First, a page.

Posts for tag: gum disease

By Woodland Family Dentistry
February 05, 2016
Category: Oral Health
Tags: oral hygiene   gum disease  
AdvancingGumDiseaseRequiresThoroughTreatmenttoControlit

If you ever get out of the habit of daily brushing and flossing, you’re setting yourself up for dental disease. Neglecting oral hygiene allows bacterial plaque to build up on tooth surfaces, which can give rise to aggressive gum infections known collectively as periodontal (gum) disease.

Gum disease may first manifest itself as gingivitis, an inflammation of the outer gum tissues around teeth. Resuming hygiene habits could help reduce the infection if it’s detected early enough. If the infection has spread deeper below the gum line, though, brushing and flossing won’t be able to reach and remove the offending plaque — you’ll need our help with that.

The objective of any such treatment is the same as your daily brushing and flossing — remove plaque as well as hardened deposits (calculus) that cause disease. The most basic technique is called scaling in which we use specialized hand instruments (scalers) or ultrasonic equipment to loosen and remove the plaque and calculus from all tooth and gum surfaces.

For deeper plaque, we may need to use a technique called root planing. As its name implies, we use equipment similar to scalers to shave or “plane” plaque, calculus, bacteria or other toxins from the roots that have become ingrained in their surfaces.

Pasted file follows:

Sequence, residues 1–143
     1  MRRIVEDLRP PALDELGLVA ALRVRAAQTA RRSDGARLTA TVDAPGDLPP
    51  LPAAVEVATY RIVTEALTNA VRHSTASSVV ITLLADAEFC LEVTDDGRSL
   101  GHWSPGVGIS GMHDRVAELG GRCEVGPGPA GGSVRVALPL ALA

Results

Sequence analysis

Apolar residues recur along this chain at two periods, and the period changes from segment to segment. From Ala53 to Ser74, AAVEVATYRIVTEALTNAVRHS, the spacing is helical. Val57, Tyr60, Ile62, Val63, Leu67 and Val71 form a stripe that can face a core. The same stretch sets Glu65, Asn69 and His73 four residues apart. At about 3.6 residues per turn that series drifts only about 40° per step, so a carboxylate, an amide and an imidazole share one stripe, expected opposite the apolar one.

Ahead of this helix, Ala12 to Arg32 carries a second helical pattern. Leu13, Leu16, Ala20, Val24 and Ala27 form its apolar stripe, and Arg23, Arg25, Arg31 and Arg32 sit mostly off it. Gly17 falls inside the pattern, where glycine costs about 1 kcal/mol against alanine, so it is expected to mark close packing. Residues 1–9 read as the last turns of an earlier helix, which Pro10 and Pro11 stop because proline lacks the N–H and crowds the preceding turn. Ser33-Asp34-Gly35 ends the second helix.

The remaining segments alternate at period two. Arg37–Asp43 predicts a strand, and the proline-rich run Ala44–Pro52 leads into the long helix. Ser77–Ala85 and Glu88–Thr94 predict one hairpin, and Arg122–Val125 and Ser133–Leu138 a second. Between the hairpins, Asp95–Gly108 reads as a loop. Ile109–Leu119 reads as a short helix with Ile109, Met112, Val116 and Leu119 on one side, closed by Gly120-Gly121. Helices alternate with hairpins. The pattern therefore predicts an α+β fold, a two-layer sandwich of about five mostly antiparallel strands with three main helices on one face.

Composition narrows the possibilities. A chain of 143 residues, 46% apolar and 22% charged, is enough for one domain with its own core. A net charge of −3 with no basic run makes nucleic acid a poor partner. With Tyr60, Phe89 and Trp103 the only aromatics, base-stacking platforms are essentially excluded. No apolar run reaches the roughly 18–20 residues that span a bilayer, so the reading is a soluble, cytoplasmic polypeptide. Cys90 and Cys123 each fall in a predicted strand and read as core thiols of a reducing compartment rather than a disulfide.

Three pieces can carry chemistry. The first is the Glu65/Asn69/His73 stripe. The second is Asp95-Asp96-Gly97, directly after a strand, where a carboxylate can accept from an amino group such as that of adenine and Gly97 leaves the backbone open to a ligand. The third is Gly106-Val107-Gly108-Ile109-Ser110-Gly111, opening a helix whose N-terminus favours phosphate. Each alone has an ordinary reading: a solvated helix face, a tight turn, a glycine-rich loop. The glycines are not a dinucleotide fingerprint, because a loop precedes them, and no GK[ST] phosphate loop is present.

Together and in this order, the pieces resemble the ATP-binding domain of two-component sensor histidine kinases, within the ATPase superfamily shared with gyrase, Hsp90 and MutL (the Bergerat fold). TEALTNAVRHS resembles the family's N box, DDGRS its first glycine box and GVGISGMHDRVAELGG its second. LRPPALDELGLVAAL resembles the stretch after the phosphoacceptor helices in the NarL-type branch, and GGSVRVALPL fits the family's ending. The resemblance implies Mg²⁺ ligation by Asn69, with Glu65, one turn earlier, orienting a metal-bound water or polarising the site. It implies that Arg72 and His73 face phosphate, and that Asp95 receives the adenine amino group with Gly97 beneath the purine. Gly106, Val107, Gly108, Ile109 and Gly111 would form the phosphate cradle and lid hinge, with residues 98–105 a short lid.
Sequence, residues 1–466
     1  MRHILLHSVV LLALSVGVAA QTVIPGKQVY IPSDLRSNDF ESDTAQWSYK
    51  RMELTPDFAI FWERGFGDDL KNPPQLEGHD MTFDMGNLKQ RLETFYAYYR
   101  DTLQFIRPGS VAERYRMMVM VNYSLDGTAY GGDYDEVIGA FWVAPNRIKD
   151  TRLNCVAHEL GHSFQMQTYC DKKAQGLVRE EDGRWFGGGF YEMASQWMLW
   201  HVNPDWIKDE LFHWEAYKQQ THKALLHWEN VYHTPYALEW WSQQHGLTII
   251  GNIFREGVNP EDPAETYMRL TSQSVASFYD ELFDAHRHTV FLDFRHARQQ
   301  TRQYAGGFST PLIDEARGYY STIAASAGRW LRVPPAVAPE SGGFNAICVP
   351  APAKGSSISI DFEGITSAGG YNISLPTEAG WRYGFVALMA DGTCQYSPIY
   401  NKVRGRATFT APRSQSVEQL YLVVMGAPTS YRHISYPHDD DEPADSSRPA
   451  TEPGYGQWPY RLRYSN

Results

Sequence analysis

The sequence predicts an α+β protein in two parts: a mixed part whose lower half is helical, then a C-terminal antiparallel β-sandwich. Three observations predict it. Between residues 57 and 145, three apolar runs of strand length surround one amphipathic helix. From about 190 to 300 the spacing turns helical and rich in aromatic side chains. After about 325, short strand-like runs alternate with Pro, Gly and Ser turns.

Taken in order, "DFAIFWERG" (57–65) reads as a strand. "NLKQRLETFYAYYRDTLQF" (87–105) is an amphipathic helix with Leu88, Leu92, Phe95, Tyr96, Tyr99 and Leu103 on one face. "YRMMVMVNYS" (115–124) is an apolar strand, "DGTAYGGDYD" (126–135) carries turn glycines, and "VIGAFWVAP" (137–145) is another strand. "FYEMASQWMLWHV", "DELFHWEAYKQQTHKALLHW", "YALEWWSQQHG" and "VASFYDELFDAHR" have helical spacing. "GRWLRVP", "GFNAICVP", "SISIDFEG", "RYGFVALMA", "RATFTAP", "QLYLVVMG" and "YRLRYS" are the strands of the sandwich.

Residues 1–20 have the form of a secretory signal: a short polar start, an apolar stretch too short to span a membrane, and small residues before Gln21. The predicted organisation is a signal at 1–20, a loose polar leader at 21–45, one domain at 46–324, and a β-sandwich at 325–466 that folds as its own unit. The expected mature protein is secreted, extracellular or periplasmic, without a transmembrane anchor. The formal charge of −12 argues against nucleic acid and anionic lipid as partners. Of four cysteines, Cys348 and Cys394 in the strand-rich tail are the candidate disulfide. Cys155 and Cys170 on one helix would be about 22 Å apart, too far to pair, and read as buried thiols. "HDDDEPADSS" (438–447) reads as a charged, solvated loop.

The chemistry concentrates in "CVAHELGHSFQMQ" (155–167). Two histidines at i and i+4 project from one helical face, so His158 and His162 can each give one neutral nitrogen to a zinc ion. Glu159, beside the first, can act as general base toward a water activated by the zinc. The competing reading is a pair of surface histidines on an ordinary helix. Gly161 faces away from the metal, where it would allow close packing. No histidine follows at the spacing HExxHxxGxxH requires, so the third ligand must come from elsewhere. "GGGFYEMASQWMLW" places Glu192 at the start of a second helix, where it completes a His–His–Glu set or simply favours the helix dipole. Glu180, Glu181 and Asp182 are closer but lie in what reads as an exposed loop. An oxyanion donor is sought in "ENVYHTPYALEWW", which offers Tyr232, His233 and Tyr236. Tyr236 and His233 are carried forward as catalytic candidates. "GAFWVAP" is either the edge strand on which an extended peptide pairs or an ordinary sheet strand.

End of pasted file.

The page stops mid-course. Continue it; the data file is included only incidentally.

These procedures are often carried out with local anesthesia to ensure patient comfort and allow us to be as meticulous as possible with plaque and calculus removal. It’s imperative that we remove as much plaque and calculus as possible, and which often involves more than one session. This is because as the gum tissues become less inflamed it allows us to access more plaque-infested areas during subsequent sessions.

Hopefully, these techniques will arrest the infection and restore good health to gum tissues. It’s then important for you to recommit and follow through on a renewed daily hygiene regimen to reduce the chances of re-infection that could lead to more serious problems and potential tooth loss.

If you would like more information on treating periodontal (gum) disease, please contact us or schedule an appointment for a consultation. You can also learn more about this topic by reading the Dear Doctor magazine article “Root Planing.”

By Woodland Family Dentistry
July 01, 2015
Category: Oral Health
Tags: gum disease   bleeding gums  
FiveThingstoKnowAboutBleedingGums